Skip to content

The Poetry Foundation

2011 November 22
by Caroline Nye Stevens

The Poetry Foundation, Intersection of Superior and Dearborn St. CNS 2011

61 W. Superior St.

John Ronan’s richly layered design for the Poetry Foundation visually reflects poetic verse. Thoughtfully, rooms connect through various levels of transparency, and planes of space float effortlessly together. Zinc window mullions form the building’s meter, which is repeated across its perforated shell. Like a poem, a walk through the building is a process of discovery.

The journey starts at the intersection of Superior and Dearborn streets. Instead of Ronan leading you directly to the building’s entrance, he takes you for a walk: first through a small garden that functions as a memorial to the Foundation’s benefactor, Ruth Lily, then past the building’s performance space, through a courtyard, until finally he deposits you at the entrance. A great wall of books greets you through transparent glass, confirming that you arrived at your destination.

Once inside, the journey continues. The same concrete floor from the outside is continued on the inside, as are the courtyard’s trees in the form of bamboo stalks in the stairwell. Lines are blurred between outside and inside, public and private. The interior is simple and transparent. John Ronan said, “The idea is that this spatial narrative unfolds as visitors move through and between these layers. We were trying to achieve a transcendent materiality where we take very humble materials and then ennoble them in a way – not unlike what a poet would do with words.”

Entrance to the Poetry Foundation, CNS 2011

This 22,000sf building contains a bi-level library for 30,000 non-circulating books, a gallery space, open-air offices, a 4,000sf courtyard, and a dedicated room for poetry readings. As minimal as it is, careful attention was paid to the design of the performance space in an effort to make the acoustics ideal for the spoken word – without the need for amplification. The combination of materials in the room was chosen to diffuse, reflect and absorb sounds depending on their placement – working as a buffer from outside sounds and enhancing the sounds from within.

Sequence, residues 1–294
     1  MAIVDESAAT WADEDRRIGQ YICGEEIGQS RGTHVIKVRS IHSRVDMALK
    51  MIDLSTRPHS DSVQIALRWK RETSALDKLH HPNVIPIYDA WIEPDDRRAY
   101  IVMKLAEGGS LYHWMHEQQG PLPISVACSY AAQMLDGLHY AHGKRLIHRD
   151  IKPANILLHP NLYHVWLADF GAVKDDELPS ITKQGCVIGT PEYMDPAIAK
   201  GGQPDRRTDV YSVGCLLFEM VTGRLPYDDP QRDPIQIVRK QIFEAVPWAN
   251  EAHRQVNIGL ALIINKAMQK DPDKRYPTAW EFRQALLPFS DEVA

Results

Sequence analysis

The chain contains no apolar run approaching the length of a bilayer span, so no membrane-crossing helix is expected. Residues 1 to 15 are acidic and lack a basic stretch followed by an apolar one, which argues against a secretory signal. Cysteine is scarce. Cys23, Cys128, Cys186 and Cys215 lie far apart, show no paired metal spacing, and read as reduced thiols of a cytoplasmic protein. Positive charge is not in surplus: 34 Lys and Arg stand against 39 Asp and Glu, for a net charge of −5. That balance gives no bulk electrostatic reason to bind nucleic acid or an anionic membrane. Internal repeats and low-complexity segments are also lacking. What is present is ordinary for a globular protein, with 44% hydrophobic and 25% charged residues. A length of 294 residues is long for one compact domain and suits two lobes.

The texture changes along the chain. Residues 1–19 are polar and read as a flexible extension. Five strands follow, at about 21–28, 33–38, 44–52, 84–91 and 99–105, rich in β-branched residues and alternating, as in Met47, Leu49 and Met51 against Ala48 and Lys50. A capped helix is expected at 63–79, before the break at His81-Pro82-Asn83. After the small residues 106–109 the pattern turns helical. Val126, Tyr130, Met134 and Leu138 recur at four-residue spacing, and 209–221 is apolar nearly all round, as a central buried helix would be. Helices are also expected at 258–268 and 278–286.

The Poetry Foundation began as the Poetry Magazine, which was founded by Harriet Monroe in 1912 under the philosophy now written on the Foundation’s wall: “The Open Door will be the policy of this magazine – may the great poet we are looking for never find it shut, or half-shut against his ample genius!” One poet whose work never made it into the magazine, despite countless efforts, was Ruth Lily – a pharmaceutical heiress from Indiana who endowed the Poetry Foundation with a $200 million gift, making the building of its new home, and everything else the Foundation now does, possible. Despite her failure to print a poem in the magazine, Ms. Lily still felt welcomed by the Poetry Magazine to keep trying. The doors of the Poetry Foundation are likewise open to the great poet, aspiring poet, or simply lovers of poetic architecture.

Library of the Poetry Foundation, Chicago

Library, Poetry Foundation, CNS 2011

MAP IT

To read the Poetry Magazine and learn more about all of the offerings of the Poetry Foundation visit their website. To learn about John Ronan, one of Chicago’s greatest young architects, and to see other examples of his firm’s work click here.

And be sure to check out this photo album of images taken of the Poetry Foundation by Hedrich Blessing’s Steve Hall for Architectural Record.

One Response
  1. Cayla permalink
    November 23, 2011

    Beautiful essay on a spectacular place….I can’t wait to visit it!

Comments are closed.